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Talents of Innisdale art students shine at RVH

The healing power of their creativity is on display through December

Students at Innisdale's Integrated Arts program are teaming up with the Royal Victoria Regional Health Centre to launch an art exhibit titled "From the Ground Up."

The title is a metaphorical acknowledgement of every patient's journey from the moment of diagnosis along the path through healing.

Twenty-five students attended a ceremony at the health centre to kick off the event in front of a crowd of school officials, proud parents and patients.

The exhibit features art, sculpture and today in the atrium, music and dance.

"It really is a wow moment. Such incredible talent. The pieces are engaging, uplifting and of course they're very inspirational," said Janice Skot, RVH President and CEO.

The Art@RVH program is aimed at creating a soothing environment for patients. 

The stories of four people inspired the Innisdale students to create this work.

One of those people is Nicole Marchand, a former Innisdale Integrated Arts Student, who at the age of 28 was diagnosed with stage four breast cancer. 

Marchand attended the ceremony with her husband Derek.

She beamed as she watched students do a music and dance performance and said she was honoured to be there. 

"It's inspirational and healing and I love everything it stands for. There's always good days and bad and today is a good day mainly because I get to be a part of this."

The art exhibit includes a sculpture of a shedding dandelion pod in the courtyard, a wave of poetry on the corridor windows, and paintings hanging along the hall.

Jessica Ierullo, contributed a cloud and a water piece.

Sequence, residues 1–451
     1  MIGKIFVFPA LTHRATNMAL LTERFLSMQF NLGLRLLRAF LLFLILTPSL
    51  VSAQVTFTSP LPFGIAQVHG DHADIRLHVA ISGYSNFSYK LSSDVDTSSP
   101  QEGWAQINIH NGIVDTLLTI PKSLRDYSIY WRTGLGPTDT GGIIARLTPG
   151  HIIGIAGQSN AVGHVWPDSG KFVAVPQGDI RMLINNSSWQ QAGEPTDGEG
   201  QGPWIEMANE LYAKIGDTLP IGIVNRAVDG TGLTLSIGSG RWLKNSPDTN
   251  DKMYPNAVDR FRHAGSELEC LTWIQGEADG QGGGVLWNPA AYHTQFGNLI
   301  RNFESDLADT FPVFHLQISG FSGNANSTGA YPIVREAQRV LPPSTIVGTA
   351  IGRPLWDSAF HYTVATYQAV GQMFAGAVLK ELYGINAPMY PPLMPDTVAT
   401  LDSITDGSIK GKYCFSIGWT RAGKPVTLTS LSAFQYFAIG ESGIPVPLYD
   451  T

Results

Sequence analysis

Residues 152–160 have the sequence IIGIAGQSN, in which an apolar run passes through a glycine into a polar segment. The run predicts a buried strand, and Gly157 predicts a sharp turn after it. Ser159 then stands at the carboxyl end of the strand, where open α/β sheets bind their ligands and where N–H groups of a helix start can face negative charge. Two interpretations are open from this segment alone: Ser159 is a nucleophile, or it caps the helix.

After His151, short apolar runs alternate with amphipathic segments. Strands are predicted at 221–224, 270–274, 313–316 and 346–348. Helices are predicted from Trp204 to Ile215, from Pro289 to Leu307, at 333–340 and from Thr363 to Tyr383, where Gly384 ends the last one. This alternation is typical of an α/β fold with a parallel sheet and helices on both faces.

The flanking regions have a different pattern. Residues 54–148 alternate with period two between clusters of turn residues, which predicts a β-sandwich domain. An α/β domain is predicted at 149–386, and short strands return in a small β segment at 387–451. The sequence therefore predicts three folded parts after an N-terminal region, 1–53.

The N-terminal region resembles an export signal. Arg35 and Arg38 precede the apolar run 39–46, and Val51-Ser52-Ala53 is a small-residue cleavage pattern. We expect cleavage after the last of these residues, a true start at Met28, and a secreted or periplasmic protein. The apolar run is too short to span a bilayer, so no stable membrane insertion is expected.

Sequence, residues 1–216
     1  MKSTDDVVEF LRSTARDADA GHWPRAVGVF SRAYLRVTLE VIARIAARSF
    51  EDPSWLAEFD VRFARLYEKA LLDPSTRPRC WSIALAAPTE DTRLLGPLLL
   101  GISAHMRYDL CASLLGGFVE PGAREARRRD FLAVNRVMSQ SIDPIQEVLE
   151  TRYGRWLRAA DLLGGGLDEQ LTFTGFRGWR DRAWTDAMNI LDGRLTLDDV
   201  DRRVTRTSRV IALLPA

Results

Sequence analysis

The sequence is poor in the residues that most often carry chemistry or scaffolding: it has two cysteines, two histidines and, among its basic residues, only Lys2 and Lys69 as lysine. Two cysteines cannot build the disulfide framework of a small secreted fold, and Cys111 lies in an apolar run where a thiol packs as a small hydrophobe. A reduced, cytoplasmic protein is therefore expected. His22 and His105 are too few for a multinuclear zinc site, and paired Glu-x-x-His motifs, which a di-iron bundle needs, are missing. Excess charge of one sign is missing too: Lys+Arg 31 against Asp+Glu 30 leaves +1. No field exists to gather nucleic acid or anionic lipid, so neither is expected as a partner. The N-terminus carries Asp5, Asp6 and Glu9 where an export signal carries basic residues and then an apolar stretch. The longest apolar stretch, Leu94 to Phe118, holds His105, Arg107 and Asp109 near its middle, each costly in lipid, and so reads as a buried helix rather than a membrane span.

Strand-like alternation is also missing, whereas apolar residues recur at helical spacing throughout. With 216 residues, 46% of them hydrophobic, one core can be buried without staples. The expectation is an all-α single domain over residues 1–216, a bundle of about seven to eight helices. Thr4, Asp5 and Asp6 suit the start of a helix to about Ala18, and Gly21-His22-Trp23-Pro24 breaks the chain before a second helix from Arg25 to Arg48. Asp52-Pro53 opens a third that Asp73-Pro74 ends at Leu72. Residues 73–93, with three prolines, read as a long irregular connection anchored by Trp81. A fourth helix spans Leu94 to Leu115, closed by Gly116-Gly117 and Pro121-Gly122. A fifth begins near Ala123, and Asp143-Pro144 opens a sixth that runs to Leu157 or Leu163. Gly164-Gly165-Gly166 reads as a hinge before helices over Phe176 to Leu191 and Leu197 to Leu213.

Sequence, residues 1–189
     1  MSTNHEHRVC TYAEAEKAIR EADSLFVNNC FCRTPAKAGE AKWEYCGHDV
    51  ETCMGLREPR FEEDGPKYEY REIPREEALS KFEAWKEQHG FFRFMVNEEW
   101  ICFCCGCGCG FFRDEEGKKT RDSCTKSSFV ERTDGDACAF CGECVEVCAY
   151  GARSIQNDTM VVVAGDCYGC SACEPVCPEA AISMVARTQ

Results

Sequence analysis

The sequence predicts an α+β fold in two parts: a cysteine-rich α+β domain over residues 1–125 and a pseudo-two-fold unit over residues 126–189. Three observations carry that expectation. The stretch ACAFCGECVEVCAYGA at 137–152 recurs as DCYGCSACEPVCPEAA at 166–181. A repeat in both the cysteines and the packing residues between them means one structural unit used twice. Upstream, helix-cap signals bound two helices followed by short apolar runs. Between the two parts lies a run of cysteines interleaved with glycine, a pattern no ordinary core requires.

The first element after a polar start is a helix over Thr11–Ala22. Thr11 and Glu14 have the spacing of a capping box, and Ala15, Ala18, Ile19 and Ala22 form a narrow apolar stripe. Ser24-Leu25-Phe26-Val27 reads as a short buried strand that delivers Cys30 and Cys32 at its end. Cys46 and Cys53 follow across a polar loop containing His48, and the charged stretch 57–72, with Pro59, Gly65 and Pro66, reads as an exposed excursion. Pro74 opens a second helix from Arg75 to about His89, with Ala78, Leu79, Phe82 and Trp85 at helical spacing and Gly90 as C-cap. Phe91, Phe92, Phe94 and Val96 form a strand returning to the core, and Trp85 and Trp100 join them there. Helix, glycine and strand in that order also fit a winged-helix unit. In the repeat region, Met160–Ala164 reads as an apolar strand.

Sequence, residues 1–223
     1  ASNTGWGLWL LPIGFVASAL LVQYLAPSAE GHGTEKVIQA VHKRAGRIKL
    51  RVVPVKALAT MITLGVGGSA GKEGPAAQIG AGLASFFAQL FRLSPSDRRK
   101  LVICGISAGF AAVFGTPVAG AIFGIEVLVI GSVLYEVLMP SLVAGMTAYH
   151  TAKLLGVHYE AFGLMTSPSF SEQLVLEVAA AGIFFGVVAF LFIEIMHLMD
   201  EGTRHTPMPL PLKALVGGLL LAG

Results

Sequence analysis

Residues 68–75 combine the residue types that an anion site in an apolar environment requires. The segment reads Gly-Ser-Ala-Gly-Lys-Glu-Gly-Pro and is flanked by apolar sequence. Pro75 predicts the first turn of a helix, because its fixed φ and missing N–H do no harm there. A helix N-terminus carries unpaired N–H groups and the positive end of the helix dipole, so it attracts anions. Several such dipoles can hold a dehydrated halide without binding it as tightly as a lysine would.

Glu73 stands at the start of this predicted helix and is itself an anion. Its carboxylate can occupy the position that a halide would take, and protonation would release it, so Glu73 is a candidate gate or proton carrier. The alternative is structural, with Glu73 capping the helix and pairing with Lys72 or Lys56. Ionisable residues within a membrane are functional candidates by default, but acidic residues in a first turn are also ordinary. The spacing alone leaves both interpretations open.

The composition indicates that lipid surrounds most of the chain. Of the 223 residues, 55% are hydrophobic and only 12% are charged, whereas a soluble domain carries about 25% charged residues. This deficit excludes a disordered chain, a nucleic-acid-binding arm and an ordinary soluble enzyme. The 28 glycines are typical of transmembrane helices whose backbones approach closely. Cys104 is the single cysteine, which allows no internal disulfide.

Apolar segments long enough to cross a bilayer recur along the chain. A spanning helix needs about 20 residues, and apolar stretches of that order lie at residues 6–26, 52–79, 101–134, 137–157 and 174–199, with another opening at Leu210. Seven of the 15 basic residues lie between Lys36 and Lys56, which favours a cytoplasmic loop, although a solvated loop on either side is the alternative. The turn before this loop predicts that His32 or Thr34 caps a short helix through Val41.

"A light can shine through and you can have a better life," said Ierullo of their art. 

Fellow student Julia Ruscio has never personally been affected by the disease but found performing at the hospital an emotional experience.

"Being able to dance in this area when you know all the things that are going on, all the things that people are going through. We're dancing for them," Ruscio said. 

Dancer Hailey Hamlin says her best friend's mother was diagnosed with cancer.

"Now I know how it feels and it was really nice being able to dance for someone and wanting to do it for that reason."

Integrated Arts teachers Chris Taylor and Jennica Hwang proudly looked on as their students performed.

"The Integrated Arts program fosters creativity in its broadest sense. It's the only course of its kind in Simcoe County," Taylor told the crowd.

"Our hope is that you will reminded of your own stories, and your own loved ones and of the hope RVH provides to those on their path of healing," added Hwang.

The art and sculpture will be on display through December in the Corridor Gallery.

 




Sue Sgambati

About the Author: Sue Sgambati

Sue has had a 30-year career in journalism working for print, radio and TV. She is a proud member of the Barrie community.
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